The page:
For years, Kelly Pavlik has been an object of pride in the Mahoning Valley.
Pavlik put Youngstown back on the boxing map as he climbed through the ranks and eventually became a world middleweight champion. This area - starved for something good to balance against crippling job losses, an epic economic downturn and the blight of crime and urban decay - seemed to look to Pavlik as a savior of sorts.
But even as he was winning fights and becoming a national and international figure in the ring, Pavlik was gaining almost as much notoriety for what was happening to him outside it.
A serious staph infection put Pavlik, 28, in the hospital and interrupted a title defense, but let's be clear. Not everything that was happening to him was completely beyond his control. Many of Pavlik's problems were the result of self-inflicted wounds - the kind a man can receive when he searches for answers or comfort at the bottom of a bottle.
Youngstown is a city, but at its heart it is a small town, especially for someone as well-known and recognizable as Pavlik. It wasn't long before his drinking exploits became the stuff of legend, whether or not all the stories had legs.
John D'Altorio, Pavlik's publicist, admits "maybe 50 percent" of the rumors about the fighter contained elements of truth. It didn't much matter that a good portion of what we heard might have been bunk. Perception is reality, especially when it comes to public figures and especially for a guy who has become the face of Youngstown.
There was an intervention in early 2010, followed by a stay at the Betty Ford Clinic. It didn't take. By September, Pavlik's family decided another intervention was needed. The fighter initially resisted, but relented and spent 60 days at The Ranch Recovery Center in Desert Hot Springs, Calif.
Pavlik has kept a low profile since returning to Youngstown, but D'Altorio got the word out earlier this week that the fighter would meet with local reporters on Tuesday afternoon at Loew's South Side Gym.
Some local reporters, anyway.
The Tribune Chronicle, I learned, was not invited because - according to D'Altorio - Pavlik is still upset about an editorial page cartoon that appeared on Dec. 5.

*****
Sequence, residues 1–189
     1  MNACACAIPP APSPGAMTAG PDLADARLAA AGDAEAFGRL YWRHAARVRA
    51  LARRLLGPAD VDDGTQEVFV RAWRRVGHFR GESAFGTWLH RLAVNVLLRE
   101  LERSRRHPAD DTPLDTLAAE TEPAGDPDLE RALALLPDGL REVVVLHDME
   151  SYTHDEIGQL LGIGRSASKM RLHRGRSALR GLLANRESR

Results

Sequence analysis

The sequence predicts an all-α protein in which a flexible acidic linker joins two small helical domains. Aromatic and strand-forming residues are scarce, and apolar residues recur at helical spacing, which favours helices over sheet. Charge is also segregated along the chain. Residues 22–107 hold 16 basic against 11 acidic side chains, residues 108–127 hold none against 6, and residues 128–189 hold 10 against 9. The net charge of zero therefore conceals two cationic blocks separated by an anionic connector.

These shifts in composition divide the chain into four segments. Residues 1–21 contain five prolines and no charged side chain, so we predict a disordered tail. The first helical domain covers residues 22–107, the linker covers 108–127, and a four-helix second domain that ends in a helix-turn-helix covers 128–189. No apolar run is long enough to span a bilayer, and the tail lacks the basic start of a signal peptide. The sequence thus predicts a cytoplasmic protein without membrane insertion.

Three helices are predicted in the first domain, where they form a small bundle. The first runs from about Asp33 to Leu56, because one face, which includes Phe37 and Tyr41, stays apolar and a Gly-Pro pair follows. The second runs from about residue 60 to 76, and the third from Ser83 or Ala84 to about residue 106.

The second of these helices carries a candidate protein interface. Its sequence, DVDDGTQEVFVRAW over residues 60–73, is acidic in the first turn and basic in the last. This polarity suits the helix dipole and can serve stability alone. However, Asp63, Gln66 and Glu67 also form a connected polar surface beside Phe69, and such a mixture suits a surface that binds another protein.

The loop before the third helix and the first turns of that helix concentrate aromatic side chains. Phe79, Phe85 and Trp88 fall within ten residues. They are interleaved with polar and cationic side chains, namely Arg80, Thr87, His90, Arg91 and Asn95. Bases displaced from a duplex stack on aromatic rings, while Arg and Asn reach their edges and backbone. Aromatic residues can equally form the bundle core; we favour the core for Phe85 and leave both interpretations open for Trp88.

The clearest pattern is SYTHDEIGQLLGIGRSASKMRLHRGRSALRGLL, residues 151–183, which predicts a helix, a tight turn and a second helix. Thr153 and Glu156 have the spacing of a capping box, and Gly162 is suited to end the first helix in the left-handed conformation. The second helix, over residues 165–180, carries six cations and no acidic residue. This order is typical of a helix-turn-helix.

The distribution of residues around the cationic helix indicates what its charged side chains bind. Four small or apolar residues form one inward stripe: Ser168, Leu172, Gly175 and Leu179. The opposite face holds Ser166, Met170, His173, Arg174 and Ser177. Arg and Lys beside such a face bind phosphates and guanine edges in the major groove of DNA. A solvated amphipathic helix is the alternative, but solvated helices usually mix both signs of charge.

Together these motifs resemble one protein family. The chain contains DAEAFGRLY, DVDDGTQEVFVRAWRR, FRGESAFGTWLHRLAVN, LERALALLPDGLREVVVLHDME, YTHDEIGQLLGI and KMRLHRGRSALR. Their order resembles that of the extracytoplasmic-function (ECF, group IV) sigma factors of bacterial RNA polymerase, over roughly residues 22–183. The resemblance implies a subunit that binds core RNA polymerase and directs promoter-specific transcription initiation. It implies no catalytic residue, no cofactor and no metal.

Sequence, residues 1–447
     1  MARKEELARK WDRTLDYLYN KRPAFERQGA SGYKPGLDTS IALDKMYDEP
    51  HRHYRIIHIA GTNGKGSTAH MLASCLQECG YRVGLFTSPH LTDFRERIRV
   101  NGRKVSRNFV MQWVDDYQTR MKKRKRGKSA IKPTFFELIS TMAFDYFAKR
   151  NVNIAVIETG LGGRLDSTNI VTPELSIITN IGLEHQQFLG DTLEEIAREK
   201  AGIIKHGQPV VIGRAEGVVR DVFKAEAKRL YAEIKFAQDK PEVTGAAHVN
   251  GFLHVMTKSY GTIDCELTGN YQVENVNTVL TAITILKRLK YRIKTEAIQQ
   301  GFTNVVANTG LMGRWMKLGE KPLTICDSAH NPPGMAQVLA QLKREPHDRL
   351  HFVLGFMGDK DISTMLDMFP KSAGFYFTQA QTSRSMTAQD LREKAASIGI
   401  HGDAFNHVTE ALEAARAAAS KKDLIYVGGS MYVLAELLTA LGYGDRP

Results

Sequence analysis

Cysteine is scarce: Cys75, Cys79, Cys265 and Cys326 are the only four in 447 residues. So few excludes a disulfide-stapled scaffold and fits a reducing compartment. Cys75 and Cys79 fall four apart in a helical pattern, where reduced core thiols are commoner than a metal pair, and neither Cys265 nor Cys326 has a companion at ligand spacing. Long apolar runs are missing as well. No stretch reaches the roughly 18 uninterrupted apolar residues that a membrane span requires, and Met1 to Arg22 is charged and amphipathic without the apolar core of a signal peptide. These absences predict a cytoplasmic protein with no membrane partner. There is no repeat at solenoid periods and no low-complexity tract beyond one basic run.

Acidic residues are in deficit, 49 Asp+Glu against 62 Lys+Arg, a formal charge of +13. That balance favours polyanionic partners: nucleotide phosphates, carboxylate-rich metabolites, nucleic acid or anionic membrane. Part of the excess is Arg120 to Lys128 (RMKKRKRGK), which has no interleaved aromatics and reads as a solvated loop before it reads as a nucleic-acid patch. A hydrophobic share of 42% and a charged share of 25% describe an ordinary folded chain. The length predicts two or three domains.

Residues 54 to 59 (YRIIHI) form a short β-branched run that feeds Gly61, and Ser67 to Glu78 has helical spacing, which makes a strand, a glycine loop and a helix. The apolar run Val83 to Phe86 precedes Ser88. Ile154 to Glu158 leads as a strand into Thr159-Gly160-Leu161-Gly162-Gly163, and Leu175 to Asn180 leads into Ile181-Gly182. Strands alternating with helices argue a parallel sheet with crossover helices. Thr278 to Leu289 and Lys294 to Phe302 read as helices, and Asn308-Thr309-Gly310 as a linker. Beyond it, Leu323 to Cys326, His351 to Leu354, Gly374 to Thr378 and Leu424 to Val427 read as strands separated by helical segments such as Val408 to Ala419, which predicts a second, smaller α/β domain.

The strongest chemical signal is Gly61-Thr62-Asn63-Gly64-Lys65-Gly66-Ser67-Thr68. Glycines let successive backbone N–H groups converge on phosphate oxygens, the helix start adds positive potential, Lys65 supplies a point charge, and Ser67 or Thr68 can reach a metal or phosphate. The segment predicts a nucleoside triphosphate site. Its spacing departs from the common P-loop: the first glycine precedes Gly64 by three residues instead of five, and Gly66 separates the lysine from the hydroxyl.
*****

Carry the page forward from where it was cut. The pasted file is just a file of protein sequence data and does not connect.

Cartoonist Rick Muccio depicted Pavlik in the fight of his life, against alcohol. The cartoon showed a dazed Pavlik having been knocked down by an opponent in the shape of a beer bottle, with a referee counting down the former champion. The beer bottle is saying, "I could make his career a ghost!"
Pavlik, of course, has long been nicknamed, "The Ghost."
It was a powerful statement about the boxer's battle to reclaim his career and perhaps the life he wants to have.
D'Altorio said someone sent the cartoon to Pavlik during his second rehab stint. He called it a cheap shot.
"He has a family," D'Altorio said. "His daughter goes to school now. Kids were showing that to her at school."
He said the newspaper's decision to publish the cartoon meant that representatives of our staff weren't welcome at Tuesday's news conference and would not be granted access to Pavlik "for now."
"Kelly knows it wasn't the sports department, but it's still the Tribune," D'Altorio said. "They should have run that cartoon by you before they ran it."
I asked D'Altorio what would happen if we showed up at the gym anyway.
"You won't get in," he said.
After we talked for a while, I thanked D'Altorio for calling me back - I suppose he didn't have to do that - and decided we'd show up anyway.
Sure enough, sportswriter Vince Taddei was denied entry. Photographer Dave Dermer got inside at first, but estimated he was there for just "15 seconds" before he was asked to leave.
Vince got the story anyway, thanks to the newspaper's relationship with WYTV 33 News. It was the lead story in our sports section on Wednesday.
I have mixed feelings about the cartoon. I understand why Pavlik and his people feel the way they do, but I also agree with Muccio and our newsroom leaders that the cartoon had intrinsic news value. It also should be noted that the Tribune Chronicle's editorial board does not need to clear Muccio's cartoons with me - even if they happen to be sports-related.
Besides, if the cartoon was presented to me and my opinion was sought, I might have greenlighted it for the reasons I mentioned previously.
It was a powerful image that attempted to put in perspective a real-life battle that afflicts many people, including - by his own admission and those of his family and friends - Pavlik.
I hope he defeats this opponent.
Pavlik has long been considered Youngstown's savior. His battle against alcoholism shows that he might instead be an all-too-human reflection of his city - a flawed, but perhaps determined figure who still has a shot at redemption.
Maybe it will come in the ring, but that's not the redemption I'm talking about, because I'm not rooting for Kelly Pavlik, the boxer. I don't particularly care about his career, or if he will one day allow me - or anybody else on our sports staff - to attend a news conference.
I'm rooting for Kelly Pavlik, the man.
I'm rooting for his wife and two children, because they're what is important.
They'll need him long after boxing's alphabet organizations and the sport's biggest leeches have moved on to someone else.